Autopsy report on aide released
The findings confirm Lori Klausutis died after falling and hitting her head on a desk.
By JEFF AYRES, Daily News Staff Writer 9-1-2001
Saying he wants to "extinguish the fires of speculation" surrounding the death of an aide to retiring U.S. Rep. Joe Scarborough, Associate State Medical Examiner Dr. Michael Berkland released the autopsy report of Lori Klausutis on Friday.
The 18-page report is in line with previous statements Berkland made concerning how Klausutis, 28, died in Scarborough's Fort Walton Beach branch office sometime during the evening on July 19.
Berkland said he hopes the details of the autopsy report will stop rampant speculation on the Internet and elsewhere concerning Klausutis' death.
The report states that Klausutis' death was caused by her head striking the edge of a desk in the office.
The fall that caused her to strike the desk was likely triggered by an undiagnosed heart condition known as floppy mitral valve disease, which is typically marked by abnormal heart rhythms. The affected valve divides the heart's left-side chambers.
Klausutis suffered a hairline fracture of the skull, but Berkland has said the fracture was consistent with a fall, not an assault.
The report also backed up Berkland's previous statements that Klausutis died accidentally.
"There is no doubt that the head injury is a result of a fall rather than a blow being delivered to the head by a moving object," Berkland wrote in the report.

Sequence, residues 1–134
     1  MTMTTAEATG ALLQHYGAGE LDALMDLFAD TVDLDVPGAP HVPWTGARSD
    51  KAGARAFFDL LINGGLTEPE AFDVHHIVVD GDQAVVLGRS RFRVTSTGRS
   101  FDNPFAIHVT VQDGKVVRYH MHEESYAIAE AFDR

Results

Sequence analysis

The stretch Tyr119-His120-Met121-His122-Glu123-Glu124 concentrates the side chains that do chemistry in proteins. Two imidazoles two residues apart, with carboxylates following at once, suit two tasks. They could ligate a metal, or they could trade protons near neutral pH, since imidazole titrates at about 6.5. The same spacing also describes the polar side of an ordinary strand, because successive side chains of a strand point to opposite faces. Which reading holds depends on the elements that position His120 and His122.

To illustrate the statement, Berkland pointed out that Klausutis had bruising on the left side of her brain, and some scratching and bruising on the right side of her head.
"This finding is in marked distinction" from an "injury which results from a moving object (example - a baseball bat) that strikes a stationary head," the report states.
Had Klausutis been struck with a bat or other blunt object, her external and internal injuries would have been on the same side of her head, Berkland continued.
Berkland said that, to his knowledge, Klausutis never visited a doctor for irregular heart patterns and had no long-term medical problems aside from lingering injuries from an auto accident years ago.
The mitral valve condition is rare, occurring in only 5 percent of the population, including young adults like Klausutis. But it can be fatal, literally bringing the heart to a standstill in extreme cases.
The report mentions two people, including a postal worker, who stopped by Scarborough's office the day before Klausutis was found. Both said Klausutis told them she was "anxious and did not feel quite right," according to the report.
Neither person was named in the report.
Klausutis' body was found shortly after 8 a.m. on July 20 by a couple who had an appointment at Scarborough's office. She worked for Scarborough for two years.
Scarborough, a high-profile, popular Republican congressman, announced earlier this year that he was retiring from his office to spend more time with his two boys.
Staff Writer Jeff Ayres can be reached at 863-1111, Ext. 444, or firstname.lastname@example.org